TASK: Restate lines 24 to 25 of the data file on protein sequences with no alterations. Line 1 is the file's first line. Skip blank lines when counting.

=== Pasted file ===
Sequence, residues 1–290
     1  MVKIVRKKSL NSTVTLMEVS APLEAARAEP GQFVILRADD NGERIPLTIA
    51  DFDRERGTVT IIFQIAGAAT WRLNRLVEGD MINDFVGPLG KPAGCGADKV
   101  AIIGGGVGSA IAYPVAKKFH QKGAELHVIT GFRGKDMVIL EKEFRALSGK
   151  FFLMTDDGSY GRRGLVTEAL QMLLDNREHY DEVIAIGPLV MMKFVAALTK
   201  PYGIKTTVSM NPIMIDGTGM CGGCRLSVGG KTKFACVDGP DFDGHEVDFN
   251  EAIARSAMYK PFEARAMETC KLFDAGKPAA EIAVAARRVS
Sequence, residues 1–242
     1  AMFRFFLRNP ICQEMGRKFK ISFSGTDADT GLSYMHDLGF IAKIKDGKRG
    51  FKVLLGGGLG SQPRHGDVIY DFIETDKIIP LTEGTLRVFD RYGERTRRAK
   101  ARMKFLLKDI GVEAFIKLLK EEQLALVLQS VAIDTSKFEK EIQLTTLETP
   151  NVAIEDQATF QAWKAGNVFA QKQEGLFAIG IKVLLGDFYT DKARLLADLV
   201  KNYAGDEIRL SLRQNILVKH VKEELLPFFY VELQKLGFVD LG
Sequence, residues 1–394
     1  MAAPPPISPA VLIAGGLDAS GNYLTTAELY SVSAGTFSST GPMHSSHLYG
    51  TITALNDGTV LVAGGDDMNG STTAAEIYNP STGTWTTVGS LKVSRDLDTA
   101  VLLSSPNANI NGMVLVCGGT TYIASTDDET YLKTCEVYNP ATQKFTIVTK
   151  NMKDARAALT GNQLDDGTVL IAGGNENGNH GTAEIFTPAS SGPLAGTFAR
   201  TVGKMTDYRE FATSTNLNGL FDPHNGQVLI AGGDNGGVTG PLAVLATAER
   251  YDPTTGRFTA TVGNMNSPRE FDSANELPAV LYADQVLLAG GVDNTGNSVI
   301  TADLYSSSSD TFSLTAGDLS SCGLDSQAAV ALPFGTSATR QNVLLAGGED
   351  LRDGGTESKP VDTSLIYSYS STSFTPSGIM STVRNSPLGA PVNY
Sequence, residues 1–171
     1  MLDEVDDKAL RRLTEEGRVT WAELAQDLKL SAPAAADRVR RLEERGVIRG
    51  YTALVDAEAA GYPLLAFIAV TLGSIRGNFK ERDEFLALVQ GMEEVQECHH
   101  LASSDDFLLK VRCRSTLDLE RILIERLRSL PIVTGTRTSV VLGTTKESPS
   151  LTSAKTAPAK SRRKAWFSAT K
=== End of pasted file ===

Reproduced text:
     1  MLDEVDDKAL RRLTEEGRVT WAELAQDLKL SAPAAADRVR RLEERGVIRG
    51  YTALVDAEAA GYPLLAFIAV TLGSIRGNFK ERDEFLALVQ GMEEVQECHH